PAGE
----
April 11, 2022
International water experts work to improve modelling for flood forecasting
Memories of Alberta’s 2013 floods remain vivid for many who lived through the devastation, especially when they see similar disasters like what happened last year in B.C.
As the spring melt begins, many wonder what lies ahead. But what if flooding could be better predicted?
An unprecedented international collaboration involving the University of Calgary aims to revolutionize flood predictions in North America.
Dr. Alain Pietroniro, PhD, a professor with the Schulich School of Engineering, is among a team of hydrologists who will spend the next five years developing new modeling for water management and flood forecasting.
The new Co-operative Institute for Research to Operations in Hydrology (CIROH) will be headquartered within the Alabama Water Institute at the University of Alabama, with academic institutions, non-profit organizations, government and industry partners from Canada and the U.S. taking part.
The Canadian contingent
Pietroniro isn’t the only Canadian on the team. He will joined by Dr. John Pomeroy, PhD, and Dr. Martyn Clark, PhD, of the University of Saskatchewan, where Pietroniro previously served as an adjunct professor and was executive director of the National Hydrological Service of Environment and Climate Change Canada.
“I have a long history of developing research programs with USask and many other universities across Canada,” Pietroniro says. “Our core modelling efforts in Global Water Futures have led to many innovations in hydrology prediction, which garnered attention south of the border.”
While the Canadian researchers will contribute expertise in cold-region hydrology, they will be working on both sides of the border.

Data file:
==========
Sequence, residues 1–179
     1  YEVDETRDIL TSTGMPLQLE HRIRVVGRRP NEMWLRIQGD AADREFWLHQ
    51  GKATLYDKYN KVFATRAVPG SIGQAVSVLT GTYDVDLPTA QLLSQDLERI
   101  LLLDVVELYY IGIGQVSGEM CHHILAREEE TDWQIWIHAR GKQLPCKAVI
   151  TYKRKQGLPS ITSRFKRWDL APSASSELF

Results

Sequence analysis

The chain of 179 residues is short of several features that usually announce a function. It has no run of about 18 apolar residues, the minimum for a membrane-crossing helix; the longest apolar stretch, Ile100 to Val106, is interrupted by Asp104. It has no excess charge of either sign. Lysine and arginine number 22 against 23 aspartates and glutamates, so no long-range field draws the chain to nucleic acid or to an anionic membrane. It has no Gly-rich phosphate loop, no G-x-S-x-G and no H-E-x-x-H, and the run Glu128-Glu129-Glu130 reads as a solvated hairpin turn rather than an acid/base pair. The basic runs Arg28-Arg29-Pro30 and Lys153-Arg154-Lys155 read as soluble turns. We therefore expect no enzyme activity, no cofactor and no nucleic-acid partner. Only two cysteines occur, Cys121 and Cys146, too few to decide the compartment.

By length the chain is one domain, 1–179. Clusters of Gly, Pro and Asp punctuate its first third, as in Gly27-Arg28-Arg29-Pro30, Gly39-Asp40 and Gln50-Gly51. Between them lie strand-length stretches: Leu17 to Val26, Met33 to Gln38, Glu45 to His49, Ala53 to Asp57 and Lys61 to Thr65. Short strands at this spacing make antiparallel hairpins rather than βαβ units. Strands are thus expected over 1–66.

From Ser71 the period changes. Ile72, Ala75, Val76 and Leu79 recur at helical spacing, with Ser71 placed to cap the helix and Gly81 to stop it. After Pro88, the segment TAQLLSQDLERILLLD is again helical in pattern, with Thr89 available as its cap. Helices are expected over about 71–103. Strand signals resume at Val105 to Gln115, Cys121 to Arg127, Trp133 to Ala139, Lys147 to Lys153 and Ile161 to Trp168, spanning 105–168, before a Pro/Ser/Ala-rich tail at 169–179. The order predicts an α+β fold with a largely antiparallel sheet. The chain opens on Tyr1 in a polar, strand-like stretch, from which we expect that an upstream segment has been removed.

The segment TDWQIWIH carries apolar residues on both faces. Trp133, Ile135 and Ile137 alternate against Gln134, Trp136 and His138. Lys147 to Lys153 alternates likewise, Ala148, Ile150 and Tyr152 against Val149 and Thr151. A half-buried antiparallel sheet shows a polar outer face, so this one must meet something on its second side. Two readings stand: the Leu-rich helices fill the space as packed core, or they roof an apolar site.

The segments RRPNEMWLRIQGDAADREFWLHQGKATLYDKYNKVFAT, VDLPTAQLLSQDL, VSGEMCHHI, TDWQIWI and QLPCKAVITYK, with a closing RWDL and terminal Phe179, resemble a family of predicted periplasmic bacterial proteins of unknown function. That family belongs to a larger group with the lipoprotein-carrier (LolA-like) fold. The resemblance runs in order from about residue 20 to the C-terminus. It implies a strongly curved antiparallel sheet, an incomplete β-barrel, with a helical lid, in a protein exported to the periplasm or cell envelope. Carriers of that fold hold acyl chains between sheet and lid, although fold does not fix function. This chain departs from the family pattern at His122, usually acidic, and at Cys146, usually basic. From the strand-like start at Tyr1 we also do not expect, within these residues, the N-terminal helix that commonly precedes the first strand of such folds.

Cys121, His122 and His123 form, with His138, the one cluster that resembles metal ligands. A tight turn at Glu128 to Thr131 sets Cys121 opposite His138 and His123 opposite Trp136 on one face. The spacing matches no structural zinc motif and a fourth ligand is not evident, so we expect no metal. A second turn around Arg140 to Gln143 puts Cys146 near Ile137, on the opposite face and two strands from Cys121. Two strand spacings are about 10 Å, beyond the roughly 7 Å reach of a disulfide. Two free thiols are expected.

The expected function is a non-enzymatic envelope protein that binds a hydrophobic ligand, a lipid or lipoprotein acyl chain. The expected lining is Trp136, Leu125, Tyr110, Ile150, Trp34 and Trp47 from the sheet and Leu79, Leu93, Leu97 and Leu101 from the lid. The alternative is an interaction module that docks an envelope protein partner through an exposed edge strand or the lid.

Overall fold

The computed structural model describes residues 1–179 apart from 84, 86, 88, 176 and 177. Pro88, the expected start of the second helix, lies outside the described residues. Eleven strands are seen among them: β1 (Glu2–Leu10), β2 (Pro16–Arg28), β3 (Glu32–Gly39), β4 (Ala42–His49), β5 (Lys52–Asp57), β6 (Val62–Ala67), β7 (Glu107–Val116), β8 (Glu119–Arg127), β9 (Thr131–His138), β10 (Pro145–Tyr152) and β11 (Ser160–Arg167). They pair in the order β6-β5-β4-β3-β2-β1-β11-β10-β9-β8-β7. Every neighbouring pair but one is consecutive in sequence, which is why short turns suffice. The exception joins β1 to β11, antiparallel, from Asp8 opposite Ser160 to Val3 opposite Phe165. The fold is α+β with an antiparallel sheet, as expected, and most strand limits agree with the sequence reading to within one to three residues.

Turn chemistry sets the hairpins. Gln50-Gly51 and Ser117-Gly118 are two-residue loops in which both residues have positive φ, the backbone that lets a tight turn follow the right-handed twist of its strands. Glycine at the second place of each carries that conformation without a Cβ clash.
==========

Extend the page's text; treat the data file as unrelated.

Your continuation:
A collaborative approach
Pietroniro says flood prediction in Canada is a provincial responsibility, and many of the systems are custom-made models designed and developed at the local level.
“The federal government recently started an initiative for a pan-Canadian flood guidance system that they have been developing since 2018,” he says.
One of the challenges, however, is that many waterways cross national and international borders, so consistency and communication are sometimes lacking.
We hope the research we are developing here will assist in moving our capacities further both in Canada and globally.
While the team is headquartered in Alabama, the goal is to have researchers visit USask’s Coldwater Laboratory in Canmore every two years.
Flooding will be just one focus for the researchers, as they see this as an opportunity to improve advance warnings for droughts and harmful water-quality conditions.
The modeling is also expected to give administrative bodies the ability to optimize water supply and irrigation, hydro power operations, reservoir-management and recreation.
Dr. Jocelyn Hayley, PhD, head of Schulich’s Department of Civil Engineering, says it’s a worthwhile project that will have a far-reaching impact.
“Our department is excited to enhance our collaborations with the University of Saskatchewan on this important international project,” she says. “We are thrilled to have our water faculty help lead Canada’s contributions to this important prediction work and contribute to the future of sustainable management of water supplies.”
The CIROH initiative is funded by the U.S. National Oceanic and Atmospheric Administration with a grant of up to US$360 million over five years, with the potential for renewal for another five years, based on successful performance.